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Thread: Base Layer

  1. #1

    Default Base Layer

    For years I have used poly pro and polyester for a base layer. I even have some of the under-armor stuff but haven't been real impressed with its ability to wick. Personally I think that the UA stuff is over-rated AND over-priced. I am considering trying either some Patagonia stuff (hate to because they are anti-hunters) or a base layer from another retailer made from merino wool. I need something that is going to wick exceptionally well, dry quickly AND keep me warm. Any suggestions?

    Also, what layering techniques work best for you?

  2. #2
    Moderator LuJon's Avatar
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    Have you been using the tight fitting UA or one of the looser fitting style? I can't stand the tight junk but I have found a couple cheap poly shirts that work for me. You could also experiment with the smartwool base layer shirts.

  3. #3
    Member AKDoug's Avatar
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    I also think that UA is over rated. I have bought marino wool and poly pro shirts at Sportsman's Warehouse that work much better than my UA stuff. I have found tons of poly pro at Value Village and even at the Salvation Army..garage sales are good places too. I have never been able to tell the performance difference between cheap polypro and expensive stuff.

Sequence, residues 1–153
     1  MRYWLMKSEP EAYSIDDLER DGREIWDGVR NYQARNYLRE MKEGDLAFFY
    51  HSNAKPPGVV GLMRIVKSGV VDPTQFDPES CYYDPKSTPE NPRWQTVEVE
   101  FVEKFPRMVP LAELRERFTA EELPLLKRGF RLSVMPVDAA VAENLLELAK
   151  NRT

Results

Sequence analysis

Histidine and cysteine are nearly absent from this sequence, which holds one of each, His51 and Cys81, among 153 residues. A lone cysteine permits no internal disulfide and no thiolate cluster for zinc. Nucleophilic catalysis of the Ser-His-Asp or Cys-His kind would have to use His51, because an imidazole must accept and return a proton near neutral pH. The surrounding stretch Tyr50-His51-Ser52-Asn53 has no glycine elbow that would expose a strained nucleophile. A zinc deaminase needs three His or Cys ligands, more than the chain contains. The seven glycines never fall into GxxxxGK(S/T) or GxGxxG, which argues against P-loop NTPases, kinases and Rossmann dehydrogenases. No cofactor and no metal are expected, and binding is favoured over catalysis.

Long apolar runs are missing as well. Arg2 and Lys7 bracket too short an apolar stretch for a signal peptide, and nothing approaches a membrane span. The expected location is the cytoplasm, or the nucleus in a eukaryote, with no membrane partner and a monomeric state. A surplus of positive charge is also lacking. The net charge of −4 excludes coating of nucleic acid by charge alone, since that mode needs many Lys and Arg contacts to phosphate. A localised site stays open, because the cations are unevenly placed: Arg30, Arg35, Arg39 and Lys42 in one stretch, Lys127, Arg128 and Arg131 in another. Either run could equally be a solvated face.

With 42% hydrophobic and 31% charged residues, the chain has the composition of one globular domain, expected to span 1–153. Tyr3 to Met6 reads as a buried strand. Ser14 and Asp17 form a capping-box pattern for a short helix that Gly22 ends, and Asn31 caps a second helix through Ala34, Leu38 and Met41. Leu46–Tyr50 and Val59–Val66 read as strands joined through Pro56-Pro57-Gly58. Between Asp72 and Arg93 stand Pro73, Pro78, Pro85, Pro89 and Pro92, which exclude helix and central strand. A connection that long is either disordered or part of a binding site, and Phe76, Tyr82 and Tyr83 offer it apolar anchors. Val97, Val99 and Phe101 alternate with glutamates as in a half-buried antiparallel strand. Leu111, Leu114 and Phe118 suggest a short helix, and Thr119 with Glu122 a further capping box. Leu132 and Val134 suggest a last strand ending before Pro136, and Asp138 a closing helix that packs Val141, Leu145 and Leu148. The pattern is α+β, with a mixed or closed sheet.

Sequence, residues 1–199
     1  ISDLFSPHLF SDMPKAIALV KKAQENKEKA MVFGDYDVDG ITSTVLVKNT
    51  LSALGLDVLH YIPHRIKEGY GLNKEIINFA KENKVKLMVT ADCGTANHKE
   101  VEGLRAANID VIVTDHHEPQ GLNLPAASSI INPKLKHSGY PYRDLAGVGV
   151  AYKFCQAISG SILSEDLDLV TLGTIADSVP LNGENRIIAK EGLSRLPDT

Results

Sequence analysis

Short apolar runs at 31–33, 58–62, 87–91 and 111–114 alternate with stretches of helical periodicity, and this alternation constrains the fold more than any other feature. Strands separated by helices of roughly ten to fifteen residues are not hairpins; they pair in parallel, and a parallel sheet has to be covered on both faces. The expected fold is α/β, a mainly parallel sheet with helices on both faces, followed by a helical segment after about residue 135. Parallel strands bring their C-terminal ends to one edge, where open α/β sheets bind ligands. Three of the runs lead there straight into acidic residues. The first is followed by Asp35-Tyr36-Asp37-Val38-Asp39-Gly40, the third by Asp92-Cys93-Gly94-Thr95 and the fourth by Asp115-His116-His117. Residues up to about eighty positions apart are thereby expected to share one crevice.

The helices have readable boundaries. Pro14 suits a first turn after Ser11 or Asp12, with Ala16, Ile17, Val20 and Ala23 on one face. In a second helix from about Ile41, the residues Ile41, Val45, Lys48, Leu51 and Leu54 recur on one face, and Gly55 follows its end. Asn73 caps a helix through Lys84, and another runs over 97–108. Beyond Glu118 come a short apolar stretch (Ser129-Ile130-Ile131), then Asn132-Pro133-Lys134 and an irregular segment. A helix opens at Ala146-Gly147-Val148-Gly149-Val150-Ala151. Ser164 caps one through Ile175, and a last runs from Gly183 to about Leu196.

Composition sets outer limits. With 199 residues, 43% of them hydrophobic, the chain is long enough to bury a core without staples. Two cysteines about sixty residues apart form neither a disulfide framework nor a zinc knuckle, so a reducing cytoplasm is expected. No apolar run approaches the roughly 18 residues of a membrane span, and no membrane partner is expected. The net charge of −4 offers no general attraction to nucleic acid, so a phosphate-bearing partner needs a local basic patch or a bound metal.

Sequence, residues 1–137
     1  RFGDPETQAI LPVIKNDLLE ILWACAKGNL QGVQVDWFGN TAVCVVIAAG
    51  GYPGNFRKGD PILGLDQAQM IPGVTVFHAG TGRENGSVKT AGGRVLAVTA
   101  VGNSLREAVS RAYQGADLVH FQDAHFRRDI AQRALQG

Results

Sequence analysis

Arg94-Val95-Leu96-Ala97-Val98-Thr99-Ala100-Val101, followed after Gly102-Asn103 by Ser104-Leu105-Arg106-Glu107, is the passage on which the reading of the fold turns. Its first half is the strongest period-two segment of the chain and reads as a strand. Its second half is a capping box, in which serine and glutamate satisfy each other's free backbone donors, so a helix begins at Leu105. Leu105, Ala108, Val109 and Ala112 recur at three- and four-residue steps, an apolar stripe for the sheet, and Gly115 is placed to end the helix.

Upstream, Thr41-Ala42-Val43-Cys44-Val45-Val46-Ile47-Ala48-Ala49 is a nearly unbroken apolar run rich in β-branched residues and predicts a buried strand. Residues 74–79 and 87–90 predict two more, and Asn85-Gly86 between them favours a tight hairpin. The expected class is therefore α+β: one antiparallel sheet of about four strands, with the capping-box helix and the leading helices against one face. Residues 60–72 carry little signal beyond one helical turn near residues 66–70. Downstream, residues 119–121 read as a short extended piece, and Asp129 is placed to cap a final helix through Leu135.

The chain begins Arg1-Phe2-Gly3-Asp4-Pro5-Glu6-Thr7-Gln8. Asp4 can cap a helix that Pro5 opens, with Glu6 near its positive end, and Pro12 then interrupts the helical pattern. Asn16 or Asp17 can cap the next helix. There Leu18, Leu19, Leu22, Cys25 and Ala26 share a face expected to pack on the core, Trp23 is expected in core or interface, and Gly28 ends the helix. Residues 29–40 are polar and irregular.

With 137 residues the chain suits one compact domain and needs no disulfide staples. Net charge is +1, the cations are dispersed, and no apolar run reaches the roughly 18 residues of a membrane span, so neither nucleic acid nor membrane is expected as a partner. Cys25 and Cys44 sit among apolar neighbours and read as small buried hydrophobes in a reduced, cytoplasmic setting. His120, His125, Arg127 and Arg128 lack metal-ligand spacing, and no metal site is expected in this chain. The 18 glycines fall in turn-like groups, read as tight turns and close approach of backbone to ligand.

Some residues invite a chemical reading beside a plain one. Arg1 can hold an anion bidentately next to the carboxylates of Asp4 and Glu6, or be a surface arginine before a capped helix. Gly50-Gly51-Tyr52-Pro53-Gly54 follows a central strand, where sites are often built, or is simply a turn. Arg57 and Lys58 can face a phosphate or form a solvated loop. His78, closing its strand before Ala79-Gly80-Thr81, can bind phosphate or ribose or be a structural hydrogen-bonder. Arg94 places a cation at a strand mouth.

4. #4
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    When I get a few more coins together I want to try Smart Wool base layers.
    Vance in AK.

    Matthew 6:33
    "But seek first the kingdom of God and His righteousness, and all these things shall be added to you."

  5. #5

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    I dont like UA either and have several of each loose/cold/and heat gear stuff. The tight stuff is just plain uncomfortable and I havent seen any of it work any better than regular poly pro, capilene, or any of the synthetic combo's I have bought from Cabelas over the years. Whatevr you buy as long as it wicks well, drys quickly and doesn't stink too bad, its done its job.

  6. #6
    Member oakman's Avatar
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    REI outlet has a discount on their capilene long underwear. It is normally 40 something and it is now 30 something. Free delivery to the Anchorage store. The only color that is on discount is brown. I have usually used the level 2, but I am going on a late hunt this year and decided to get the 3 for a little extra warmth.

  7. #7
    Moderator LuJon's Avatar
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    Quote Originally Posted by AlaskaCub View Post